Why do Bulwer’s Petrels Bulweria bulwerii change nest?


  • Joël Bried Centro Okeanos, MARE (Marine and Environmental Sciences Centre), IMAR, Universidade dos Açores, 9901-862 Horta, Açores, Portugal. Present address: 8 avenue de la Reine Nathalie, 64200 Biarritz, France.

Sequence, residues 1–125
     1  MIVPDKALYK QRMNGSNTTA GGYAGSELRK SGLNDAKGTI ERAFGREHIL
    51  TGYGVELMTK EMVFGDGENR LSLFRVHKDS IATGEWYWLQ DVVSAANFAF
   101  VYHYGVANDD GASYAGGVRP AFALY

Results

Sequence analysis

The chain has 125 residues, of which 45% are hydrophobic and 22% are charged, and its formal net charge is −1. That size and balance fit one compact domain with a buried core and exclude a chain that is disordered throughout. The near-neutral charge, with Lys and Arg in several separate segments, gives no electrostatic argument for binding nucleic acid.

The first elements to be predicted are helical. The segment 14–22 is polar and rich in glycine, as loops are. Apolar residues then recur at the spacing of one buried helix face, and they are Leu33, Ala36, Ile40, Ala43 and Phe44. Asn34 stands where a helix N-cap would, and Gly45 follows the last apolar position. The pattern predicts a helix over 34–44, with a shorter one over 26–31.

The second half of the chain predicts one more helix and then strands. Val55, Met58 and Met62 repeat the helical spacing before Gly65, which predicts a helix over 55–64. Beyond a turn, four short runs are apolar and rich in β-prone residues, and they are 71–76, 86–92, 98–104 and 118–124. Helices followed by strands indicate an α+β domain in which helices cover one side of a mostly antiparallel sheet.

Owning a nest is a prerequisite for breeding in Procellariiform seabirds, which can leave their single egg and/or chick unattended for long periods and show high nest fidelity. However, the determinants of nest fidelity vary among species. Amongst them, Bulwer’s Petrel Bulweria bulwerii lays the biggest egg relative to body size within the Family Procellariidae. Therefore, individuals should choose their nests carefully and change essentially if they can improve their reproductive performances. This study conducted on Vila islet, Azores, aimed to determine why Bulwer’s Petrels actually change nest. Nest fidelity exceeded 85%. Nest changes were most likely to occur after a breeding failure or a non-breeding year, but they did not allow improving breeding success and they often resulted in missed breeding years. On average, the new nests were not of higher quality than the old ones, except for the individuals whose first breeding attempt in the new nest was successful. In addition, the quality of the new nest was unrelated to the number of skipped years and to the distance moved. Almost half of changes occurred towards neighbouring nests. They were associated with a lower probability to skip years. Therefore Bulwer’s Petrels might prioritize proximity over nest quality to reduce the costs of nest changes.

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